Another resident urged the Council to require the developer to open up pedestrian access to the area south of the boardwalk that was closed when the Marriott was built. The street closure request is to close the eastern end of Cape Fear Blvd., a portion of Carolina Beach Avenue South and a portion of a 20’ foot right-of-way that leads off Carolina Beach Avenue South. All within the area of the Boardwalk.

If the roads and alleys are closed, the applicant and new property owner has agreed to deed the estimated northern 74’ feet by 110’ feet of the Cape Fear right-of-way back to the Town for a park area. That means a small portion of the gazebo area at the Boardwalk would become part of the hotel property, with the larger portion given back to the Town for a park.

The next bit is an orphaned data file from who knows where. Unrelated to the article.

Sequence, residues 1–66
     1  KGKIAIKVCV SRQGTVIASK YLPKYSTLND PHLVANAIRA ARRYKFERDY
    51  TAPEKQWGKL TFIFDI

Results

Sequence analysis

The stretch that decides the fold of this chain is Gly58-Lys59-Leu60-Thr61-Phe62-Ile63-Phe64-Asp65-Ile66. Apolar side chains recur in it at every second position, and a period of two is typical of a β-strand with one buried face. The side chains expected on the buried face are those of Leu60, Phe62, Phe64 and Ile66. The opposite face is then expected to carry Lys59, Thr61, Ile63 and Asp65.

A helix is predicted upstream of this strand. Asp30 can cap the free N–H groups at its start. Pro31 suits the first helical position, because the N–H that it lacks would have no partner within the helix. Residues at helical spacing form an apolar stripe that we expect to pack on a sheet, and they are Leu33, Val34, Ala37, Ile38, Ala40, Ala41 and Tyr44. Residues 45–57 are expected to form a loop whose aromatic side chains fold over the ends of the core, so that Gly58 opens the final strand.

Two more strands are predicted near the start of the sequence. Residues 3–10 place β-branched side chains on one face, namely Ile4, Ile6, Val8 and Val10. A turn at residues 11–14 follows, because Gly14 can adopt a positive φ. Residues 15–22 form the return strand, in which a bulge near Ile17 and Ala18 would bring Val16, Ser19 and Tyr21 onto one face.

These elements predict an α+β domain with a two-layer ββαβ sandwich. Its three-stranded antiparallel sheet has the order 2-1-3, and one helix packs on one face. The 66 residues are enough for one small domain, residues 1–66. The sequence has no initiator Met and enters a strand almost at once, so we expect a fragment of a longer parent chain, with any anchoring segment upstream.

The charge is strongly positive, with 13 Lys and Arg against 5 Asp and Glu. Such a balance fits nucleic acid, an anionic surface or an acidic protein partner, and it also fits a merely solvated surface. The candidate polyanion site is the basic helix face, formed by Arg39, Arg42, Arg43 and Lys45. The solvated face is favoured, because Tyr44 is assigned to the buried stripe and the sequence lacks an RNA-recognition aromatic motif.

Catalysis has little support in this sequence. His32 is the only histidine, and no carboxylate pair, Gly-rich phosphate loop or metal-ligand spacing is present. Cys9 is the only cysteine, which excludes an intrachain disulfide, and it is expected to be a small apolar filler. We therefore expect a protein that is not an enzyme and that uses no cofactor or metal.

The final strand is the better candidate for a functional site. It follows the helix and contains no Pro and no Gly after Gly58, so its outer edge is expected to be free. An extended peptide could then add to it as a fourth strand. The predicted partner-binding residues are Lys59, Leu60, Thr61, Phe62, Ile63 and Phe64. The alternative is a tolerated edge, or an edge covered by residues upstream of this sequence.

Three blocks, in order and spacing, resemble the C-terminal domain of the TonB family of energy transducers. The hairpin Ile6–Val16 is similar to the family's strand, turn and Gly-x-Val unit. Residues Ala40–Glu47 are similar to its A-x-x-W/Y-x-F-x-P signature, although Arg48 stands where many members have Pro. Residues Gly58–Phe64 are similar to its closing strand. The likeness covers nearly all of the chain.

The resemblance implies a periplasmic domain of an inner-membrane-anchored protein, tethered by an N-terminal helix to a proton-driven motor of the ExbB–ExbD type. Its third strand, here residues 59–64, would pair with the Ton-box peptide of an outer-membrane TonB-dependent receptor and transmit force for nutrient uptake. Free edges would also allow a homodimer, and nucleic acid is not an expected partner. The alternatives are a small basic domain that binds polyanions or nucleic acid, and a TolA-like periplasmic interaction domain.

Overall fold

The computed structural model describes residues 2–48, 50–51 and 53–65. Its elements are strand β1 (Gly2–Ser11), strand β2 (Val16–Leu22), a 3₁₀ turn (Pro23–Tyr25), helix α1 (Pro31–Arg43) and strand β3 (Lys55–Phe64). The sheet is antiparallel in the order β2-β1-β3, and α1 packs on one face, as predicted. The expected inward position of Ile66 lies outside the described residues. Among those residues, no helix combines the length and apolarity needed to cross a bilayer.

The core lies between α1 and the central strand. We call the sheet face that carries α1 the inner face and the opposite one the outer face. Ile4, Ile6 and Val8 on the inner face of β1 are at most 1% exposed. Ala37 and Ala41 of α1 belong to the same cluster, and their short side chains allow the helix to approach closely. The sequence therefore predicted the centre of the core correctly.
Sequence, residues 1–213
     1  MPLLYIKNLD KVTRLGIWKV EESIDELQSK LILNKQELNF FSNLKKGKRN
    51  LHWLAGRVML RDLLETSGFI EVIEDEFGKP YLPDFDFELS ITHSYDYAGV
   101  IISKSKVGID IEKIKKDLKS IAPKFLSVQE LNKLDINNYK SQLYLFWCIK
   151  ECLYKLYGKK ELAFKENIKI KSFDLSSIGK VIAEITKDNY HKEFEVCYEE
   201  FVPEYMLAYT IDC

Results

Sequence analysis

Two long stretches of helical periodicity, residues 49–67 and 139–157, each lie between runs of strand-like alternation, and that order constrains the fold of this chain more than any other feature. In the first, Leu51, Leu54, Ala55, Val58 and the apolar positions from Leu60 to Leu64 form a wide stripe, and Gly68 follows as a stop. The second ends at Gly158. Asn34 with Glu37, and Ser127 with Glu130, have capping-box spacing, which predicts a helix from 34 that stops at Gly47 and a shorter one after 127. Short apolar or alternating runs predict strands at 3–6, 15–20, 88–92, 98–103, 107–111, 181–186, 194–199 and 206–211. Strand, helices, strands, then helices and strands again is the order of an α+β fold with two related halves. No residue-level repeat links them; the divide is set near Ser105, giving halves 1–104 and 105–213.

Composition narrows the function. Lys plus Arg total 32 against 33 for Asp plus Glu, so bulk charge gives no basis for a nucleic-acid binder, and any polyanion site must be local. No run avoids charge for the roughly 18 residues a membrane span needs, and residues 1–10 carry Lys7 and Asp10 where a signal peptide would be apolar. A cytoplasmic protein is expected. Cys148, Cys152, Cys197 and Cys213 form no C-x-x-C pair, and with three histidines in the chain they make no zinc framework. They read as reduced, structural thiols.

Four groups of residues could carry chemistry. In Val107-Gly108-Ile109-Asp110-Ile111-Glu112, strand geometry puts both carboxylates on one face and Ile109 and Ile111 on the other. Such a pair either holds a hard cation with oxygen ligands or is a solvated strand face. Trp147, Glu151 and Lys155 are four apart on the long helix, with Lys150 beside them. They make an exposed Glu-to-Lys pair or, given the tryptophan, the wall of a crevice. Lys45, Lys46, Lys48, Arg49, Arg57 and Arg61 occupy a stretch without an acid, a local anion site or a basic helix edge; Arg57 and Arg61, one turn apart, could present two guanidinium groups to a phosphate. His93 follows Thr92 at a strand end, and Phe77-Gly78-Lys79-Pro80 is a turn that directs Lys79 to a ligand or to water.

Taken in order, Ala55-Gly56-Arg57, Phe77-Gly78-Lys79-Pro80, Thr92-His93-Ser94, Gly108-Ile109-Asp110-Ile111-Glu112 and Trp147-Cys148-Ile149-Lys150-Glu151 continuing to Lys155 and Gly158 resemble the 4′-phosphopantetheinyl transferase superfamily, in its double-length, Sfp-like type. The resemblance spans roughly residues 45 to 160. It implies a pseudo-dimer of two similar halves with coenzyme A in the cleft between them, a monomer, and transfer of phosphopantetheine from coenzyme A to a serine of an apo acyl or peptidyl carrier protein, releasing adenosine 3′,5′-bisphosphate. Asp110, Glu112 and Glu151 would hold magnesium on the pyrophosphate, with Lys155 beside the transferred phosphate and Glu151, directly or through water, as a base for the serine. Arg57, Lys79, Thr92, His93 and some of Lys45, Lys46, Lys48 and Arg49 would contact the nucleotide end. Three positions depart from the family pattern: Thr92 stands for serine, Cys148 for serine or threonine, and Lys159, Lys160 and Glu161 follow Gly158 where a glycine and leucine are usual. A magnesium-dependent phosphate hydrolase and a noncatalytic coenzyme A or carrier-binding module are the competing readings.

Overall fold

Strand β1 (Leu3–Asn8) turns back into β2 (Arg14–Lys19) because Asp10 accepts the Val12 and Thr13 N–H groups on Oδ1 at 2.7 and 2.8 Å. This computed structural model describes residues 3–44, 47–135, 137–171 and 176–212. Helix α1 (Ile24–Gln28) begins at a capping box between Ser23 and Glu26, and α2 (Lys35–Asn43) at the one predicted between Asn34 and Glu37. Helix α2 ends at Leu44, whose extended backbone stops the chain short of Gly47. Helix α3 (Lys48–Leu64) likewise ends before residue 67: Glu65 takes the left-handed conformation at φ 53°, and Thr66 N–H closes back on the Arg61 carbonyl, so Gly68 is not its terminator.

Councilman Dan Wilcox said the project meets the ordinances and the Council could require the developer to include a restaurant and a parking garage, but the ordinance doesn’t require that and Council can’t force them to do something the ordinance doesn’t require. He said the hotel would bring additional people to the area to stimulate the economy and will bring $1.26 million dollars in impact fees to the Town as well as additional room occupancy, property and sales tax revenues. The developer will be required to install and upgrade infrastructure in the area. He feels the project is in general conformity with the Town’s land use plan because it meets the majority of the polices in the plan.